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ARS Home » Plains Area » Clay Center, Nebraska » U.S. Meat Animal Research Center » Livestock Bio-Systems » Research » Publications at this Location » Publication #379903

Research Project: Improving Lifetime Productivity in Swine

Location: Livestock Bio-Systems

Title: Direct and indirect effects of heat stress on the hepatic and ovarian proteome in gilts

item STUDER, JAMIE - Iowa State University
item KIEFER, ZOE - Iowa State University
item DAL FORNO GIANLUPPI, RAFAEL - Federal University Of Rio Grande Do Sul
item ADUR, MALAVIKA - Iowa State University
item SHULTZ, RONALD - Iowa State University
item HORST, ERIN - Iowa State University
item MAYORGA, EDITH - Iowa State University
item KEATING, AILEEN - Iowa State University
item BAUMGARD, LANCE - Iowa State University
item Lents, Clay
item ROSS, JASON - Iowa State University

Submitted to: Journal of Animal Science
Publication Type: Abstract Only
Publication Acceptance Date: 12/22/2020
Publication Date: 5/7/2021
Citation: Studer, J.M., Kiefer, Z.E., Gianluppi, R., Adur, M.K., Shultz, R.B., Horst, E.A., Mayorga, E.J., Keating, A.F., Baumgard, L.H., Lents, C.A., Ross, J.W. 2021. Direct and indirect effects of heat stress on the hepatic and ovarian proteome in gilts [abstract]. Journal of Animal Science. 99(Supplement 1):106-107.

Interpretive Summary:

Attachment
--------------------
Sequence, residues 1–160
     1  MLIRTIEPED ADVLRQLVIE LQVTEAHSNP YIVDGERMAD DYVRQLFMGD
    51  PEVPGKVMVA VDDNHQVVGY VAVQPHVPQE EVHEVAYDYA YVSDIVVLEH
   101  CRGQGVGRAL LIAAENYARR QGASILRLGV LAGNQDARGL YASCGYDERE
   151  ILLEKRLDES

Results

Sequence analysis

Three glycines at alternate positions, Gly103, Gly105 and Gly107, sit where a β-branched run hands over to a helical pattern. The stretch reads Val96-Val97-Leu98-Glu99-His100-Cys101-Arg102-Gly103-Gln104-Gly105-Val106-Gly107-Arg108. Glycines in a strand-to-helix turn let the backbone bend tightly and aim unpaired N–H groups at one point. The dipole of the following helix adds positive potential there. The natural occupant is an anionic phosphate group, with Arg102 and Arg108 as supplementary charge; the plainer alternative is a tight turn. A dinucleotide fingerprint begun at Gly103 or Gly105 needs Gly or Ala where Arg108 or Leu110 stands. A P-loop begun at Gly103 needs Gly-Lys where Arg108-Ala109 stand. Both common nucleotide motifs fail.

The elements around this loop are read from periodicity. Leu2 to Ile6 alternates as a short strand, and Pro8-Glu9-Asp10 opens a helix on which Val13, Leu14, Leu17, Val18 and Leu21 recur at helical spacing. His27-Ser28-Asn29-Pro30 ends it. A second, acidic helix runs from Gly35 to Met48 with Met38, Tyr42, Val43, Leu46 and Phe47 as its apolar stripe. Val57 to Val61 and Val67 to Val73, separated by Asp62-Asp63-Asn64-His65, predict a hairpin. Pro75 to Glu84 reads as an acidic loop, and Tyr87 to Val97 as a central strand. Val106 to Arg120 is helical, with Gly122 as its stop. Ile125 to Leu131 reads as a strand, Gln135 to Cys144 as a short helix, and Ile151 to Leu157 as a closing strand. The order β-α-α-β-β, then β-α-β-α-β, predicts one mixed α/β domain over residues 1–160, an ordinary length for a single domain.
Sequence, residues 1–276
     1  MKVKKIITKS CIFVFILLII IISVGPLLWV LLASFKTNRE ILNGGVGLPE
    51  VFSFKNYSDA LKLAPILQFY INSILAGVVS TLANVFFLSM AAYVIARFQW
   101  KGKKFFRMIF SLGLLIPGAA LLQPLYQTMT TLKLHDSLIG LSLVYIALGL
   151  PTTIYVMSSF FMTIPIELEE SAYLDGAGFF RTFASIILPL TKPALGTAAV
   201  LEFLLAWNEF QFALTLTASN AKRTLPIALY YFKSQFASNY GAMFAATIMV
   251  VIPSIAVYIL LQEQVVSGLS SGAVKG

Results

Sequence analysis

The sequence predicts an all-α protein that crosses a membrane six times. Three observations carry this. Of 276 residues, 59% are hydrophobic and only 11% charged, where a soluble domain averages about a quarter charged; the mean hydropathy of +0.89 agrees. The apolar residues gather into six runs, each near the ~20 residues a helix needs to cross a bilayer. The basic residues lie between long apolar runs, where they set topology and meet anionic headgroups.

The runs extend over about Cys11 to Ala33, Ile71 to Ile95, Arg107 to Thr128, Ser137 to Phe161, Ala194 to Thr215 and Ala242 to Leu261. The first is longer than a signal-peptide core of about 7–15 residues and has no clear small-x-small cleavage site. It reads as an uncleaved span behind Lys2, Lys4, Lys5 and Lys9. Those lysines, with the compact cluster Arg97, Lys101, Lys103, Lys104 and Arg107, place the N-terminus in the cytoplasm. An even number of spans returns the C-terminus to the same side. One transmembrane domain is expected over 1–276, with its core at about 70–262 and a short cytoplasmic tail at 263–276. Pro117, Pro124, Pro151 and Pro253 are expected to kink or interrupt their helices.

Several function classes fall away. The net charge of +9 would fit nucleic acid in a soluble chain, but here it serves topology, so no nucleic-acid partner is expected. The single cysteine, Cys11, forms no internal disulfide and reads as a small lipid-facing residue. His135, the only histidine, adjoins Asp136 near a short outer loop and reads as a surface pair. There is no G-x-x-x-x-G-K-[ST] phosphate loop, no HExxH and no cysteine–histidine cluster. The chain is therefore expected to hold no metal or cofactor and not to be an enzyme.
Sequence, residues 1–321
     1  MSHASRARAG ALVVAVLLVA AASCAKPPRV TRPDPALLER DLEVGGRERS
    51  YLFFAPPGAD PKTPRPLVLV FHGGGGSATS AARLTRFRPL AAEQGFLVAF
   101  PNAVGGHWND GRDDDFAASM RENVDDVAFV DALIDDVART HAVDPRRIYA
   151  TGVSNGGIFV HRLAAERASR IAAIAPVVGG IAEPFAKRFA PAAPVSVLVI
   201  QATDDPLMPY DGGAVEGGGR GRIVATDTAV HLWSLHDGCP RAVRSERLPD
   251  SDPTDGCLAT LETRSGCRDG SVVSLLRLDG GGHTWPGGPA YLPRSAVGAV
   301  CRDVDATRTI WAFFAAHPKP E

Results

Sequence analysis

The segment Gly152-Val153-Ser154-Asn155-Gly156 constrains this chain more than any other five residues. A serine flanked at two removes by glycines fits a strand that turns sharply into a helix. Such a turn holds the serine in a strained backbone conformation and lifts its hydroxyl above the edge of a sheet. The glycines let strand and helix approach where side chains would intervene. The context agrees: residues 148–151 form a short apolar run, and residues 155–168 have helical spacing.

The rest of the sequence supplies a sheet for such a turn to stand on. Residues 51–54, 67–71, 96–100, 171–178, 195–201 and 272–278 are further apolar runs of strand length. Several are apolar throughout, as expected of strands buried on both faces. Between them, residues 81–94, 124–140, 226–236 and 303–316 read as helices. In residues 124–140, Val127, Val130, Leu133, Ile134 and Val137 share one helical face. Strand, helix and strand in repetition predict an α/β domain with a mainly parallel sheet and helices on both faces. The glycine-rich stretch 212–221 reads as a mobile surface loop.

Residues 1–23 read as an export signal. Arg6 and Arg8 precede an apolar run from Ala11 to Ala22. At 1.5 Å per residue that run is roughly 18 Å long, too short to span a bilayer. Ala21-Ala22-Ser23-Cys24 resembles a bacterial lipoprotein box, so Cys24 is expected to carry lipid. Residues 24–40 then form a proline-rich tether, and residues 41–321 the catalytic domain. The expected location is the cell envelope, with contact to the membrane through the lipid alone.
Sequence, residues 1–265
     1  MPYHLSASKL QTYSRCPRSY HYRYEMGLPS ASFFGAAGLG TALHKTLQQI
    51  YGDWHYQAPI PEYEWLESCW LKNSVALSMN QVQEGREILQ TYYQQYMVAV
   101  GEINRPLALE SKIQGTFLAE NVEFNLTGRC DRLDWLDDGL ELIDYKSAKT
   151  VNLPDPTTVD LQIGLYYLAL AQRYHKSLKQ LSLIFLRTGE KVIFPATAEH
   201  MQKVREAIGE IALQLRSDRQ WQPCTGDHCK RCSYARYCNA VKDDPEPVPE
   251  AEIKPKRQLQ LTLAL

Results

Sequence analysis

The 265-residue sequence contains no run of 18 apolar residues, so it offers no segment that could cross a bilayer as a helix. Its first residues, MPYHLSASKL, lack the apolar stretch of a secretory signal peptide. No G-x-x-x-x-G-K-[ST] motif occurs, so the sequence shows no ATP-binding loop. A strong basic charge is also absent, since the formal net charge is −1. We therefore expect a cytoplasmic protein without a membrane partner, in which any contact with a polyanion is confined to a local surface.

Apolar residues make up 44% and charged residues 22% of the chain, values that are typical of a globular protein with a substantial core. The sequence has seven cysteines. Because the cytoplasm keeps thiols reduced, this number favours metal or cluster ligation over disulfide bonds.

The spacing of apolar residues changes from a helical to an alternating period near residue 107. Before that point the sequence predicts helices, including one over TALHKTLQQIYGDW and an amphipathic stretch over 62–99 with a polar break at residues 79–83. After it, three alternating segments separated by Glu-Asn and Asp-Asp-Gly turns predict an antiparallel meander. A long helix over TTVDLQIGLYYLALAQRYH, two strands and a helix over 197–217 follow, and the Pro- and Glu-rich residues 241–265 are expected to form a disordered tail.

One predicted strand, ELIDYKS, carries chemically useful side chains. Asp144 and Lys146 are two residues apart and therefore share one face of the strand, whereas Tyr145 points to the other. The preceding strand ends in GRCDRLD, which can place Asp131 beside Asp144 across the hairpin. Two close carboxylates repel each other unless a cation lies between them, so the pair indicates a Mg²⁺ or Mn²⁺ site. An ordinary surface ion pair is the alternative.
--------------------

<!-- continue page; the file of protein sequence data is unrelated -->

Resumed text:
Technical Abstract: Seasonal infertility (SI) caused by heat stress (HS) impacts the US swine industry by reducing litter size, farrowing rates, and decreases production efficiency. Identifying the biological underpinnings of SI is the foundational step towards developing mitigation strategies to reduce the nearly $1 billion annual revenue losses to the swine industry. The study objective was to investigate the direct and indirect effects of HS via HS conditioned serum infusion in swine. We hypothesized gilts housed in thermoneutral (TN) conditions receiving gradual infusions of serum obtained from HS gilts would experience altered endocrine and metabolic function compared to gilts receiving serum from TN gilts. Prepubertal gilts (n = 18) were assigned to donor or recipient groups and donors were allocated to TN or HS environments. Blood was collected from HS donors and TN donors exposed to 24-hours of HS or TN conditions, respectively. Serum was infused into recipients housed in TN conditions via indwelling jugular catheters. Over a 24-hour period approximately 20% of the estimated recipient gilt serum volume from donors (pooled by treatment) was infused into recipients. After infusions were completed, gilts were euthanized and tissues collected. Increased rectal temperatures were observed in HS recipients compared to TN recipients (P <= 0.05). Protein extracts from liver and ovary underwent proteomic analysis via liquid-chromatography with tandem mass-spectrometry (LC-MS/MS) to assess protein abundance. In the liver and ovary, we identified 135 and 264 proteins, respectively, that were differentially abundant between TN and HS recipients (P < 0.10). Gene Ontology enrichment analysis identified alterations to pathways involved in hormone regulation, immune response, and apoptosis. Collectively, these data demonstrate gilts receiving HS serum experienced altered endocrine and metabolic function compared to gilts receiving TN serum. This project was supported in part by the Iowa Pork Producers Association.